Q1 2020 Review: An Unprecedented Quarter for Gasoline Retailers
The first quarter of 2020 brought unprecedented challenges to the downstream petroleum industry, as coronavirus disease 2019 (COVID-19) began to take its toll. How did gasoline retailers fare?
Navigating the Historic Demand Shock
It was not until mid- to late February that demand issues started to hit the United States, but the exponential growth in demand destruction coincided with schools closing, state governments issuing stay-at-home orders and requiring non-essential businesses to close their offices.
Due to the most significant demand destruction not taking place until late in the quarter, full quarter numbers may not look as terrifying as originally thought.
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On average, same-store sales volumes during the first quarter were off by 8.2%, according to data from OPIS DemandPro.
According to volume data from about 15,000 stations around the nation, OPIS estimates that gasoline demand has gone from about 7.8 million b/d in the beginning of the year to less than 4.9 million b/d by the end of the quarter. During a few weeks in late February and early March, gasoline demand ran just shy of 8.8 million b/d, perceived to be consumers stocking up before stay-at-home orders went into effect.
Stay-at-home orders were first issued in the coastal regions of the Pacific Northwest and Northern California, with states in the Northeast issuing stay-at-home orders around the same time. As a result, these regions saw the largest quarterly demand declines, as Northeast volumes fell by 9.3% and the West (which includes the Rockies) was off a substantial 10.1%.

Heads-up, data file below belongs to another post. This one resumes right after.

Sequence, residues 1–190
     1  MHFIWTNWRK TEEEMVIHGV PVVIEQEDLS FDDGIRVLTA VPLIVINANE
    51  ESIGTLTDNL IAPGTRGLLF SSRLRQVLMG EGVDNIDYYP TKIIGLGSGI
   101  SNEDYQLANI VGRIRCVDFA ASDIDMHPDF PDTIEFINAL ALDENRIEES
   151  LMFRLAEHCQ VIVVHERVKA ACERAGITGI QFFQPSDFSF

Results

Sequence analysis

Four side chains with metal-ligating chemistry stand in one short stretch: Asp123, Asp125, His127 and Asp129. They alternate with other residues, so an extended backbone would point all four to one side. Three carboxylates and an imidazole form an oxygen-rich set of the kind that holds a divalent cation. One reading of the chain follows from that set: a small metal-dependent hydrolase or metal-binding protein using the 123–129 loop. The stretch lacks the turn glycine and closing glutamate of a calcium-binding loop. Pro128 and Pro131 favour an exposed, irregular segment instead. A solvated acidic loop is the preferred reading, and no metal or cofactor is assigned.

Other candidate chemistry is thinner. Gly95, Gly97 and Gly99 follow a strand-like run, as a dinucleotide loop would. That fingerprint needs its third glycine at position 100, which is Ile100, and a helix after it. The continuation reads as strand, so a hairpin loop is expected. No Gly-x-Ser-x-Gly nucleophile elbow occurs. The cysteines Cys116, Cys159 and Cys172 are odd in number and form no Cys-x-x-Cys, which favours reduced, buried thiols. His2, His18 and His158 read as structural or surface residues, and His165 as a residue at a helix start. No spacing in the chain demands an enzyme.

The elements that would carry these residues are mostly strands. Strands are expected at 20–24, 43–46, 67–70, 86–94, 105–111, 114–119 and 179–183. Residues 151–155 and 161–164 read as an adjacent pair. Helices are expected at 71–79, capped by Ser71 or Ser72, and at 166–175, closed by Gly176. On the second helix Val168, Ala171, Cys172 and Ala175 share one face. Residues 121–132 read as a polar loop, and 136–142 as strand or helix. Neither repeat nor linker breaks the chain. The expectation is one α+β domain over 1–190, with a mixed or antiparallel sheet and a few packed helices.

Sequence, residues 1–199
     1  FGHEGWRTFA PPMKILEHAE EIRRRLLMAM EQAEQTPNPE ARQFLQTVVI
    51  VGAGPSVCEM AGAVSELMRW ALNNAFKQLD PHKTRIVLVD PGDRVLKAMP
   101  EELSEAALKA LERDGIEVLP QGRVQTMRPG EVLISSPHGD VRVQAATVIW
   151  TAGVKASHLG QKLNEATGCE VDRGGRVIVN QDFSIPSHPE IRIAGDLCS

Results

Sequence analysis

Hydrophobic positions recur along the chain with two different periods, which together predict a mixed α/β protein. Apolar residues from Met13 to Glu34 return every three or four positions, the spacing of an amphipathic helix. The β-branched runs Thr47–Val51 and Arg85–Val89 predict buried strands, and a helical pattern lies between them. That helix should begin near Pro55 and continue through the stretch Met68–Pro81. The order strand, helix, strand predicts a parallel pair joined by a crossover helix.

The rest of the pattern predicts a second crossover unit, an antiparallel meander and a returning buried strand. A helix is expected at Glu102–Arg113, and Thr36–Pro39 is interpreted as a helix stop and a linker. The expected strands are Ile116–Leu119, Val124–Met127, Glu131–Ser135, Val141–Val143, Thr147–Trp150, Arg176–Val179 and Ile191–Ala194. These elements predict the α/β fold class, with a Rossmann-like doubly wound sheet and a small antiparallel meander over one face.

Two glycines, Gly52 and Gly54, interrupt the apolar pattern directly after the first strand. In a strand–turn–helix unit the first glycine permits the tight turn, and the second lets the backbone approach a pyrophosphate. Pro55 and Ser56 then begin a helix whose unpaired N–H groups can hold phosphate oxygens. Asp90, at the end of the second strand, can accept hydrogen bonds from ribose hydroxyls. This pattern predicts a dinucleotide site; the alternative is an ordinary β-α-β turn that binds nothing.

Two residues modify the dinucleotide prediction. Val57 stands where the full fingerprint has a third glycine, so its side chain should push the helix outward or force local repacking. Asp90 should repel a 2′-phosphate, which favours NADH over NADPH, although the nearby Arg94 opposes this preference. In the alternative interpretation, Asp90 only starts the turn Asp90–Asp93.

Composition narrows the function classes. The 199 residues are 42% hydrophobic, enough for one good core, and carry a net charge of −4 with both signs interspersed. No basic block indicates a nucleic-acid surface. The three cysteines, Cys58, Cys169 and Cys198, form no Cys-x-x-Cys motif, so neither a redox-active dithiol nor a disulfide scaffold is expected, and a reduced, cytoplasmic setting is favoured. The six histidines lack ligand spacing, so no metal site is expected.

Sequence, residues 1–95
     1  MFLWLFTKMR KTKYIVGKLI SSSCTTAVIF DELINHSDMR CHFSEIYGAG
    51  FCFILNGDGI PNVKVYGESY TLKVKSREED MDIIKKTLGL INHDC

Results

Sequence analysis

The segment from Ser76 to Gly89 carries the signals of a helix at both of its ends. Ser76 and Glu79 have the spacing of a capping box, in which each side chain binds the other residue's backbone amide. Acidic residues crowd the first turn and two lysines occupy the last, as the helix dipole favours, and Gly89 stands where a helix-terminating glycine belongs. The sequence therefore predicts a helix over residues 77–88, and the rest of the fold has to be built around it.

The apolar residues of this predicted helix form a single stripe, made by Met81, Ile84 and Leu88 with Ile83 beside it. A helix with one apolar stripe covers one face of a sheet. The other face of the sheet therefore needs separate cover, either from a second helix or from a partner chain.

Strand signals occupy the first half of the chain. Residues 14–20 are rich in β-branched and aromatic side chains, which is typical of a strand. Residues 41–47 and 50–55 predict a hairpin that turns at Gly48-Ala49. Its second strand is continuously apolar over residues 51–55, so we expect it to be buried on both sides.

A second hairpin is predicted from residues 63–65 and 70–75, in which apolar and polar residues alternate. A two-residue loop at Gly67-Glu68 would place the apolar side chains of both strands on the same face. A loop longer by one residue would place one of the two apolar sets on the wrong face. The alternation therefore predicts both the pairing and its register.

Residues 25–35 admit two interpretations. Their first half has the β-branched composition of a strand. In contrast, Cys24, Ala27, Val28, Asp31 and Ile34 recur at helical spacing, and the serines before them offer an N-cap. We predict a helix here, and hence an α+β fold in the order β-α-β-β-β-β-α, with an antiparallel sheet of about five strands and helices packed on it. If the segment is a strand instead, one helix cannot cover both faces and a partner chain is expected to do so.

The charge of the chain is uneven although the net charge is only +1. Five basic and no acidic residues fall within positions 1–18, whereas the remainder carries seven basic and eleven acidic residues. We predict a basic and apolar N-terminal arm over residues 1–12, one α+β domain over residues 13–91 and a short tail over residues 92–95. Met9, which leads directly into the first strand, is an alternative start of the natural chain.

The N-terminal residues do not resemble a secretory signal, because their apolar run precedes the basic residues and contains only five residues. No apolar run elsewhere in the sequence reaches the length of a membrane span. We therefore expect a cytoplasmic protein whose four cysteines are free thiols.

OPIS notes that the inclusion of the Rockies in the West data may have kept the quarterly volume figures from sliding even more.
The other regions that OPIS DemandPro tracks (the Southeast, the Southwest and the Midcontinent) did not necessarily see the same demand destruction, as quarterly volume losses ranged from 7.2% to 7.4% during the quarter. These regions are catching up to the Northeast and West, however, as weekly reports in late March indicated demand destruction in the 40%-50% area.
As a result, OPIS estimates that the average monthly volume at U.S. retail outlets stood at 78,860 gal. That compares with nearly 86,000 gal in the first quarter of last year. The West saw the largest average-gallon loss, going from well over 110,000 gallons to barely 101,000 gal per month.
The second quarter is already off to a rough start. Anecdotally, depending on the region, sources are reporting volumes off as much as 75%. The wider year-on-year losses, though, for early to mid-April are calculated against a time when demand is typically on the rise.
Off-the-Chart Retail Fuel Margins Offer a Silver Lining
The swift moves in oil prices have left rack-to-retail margins in record territory. However, with fewer motorists on the road and fill-ups, convenience stores are losing potential inside sales.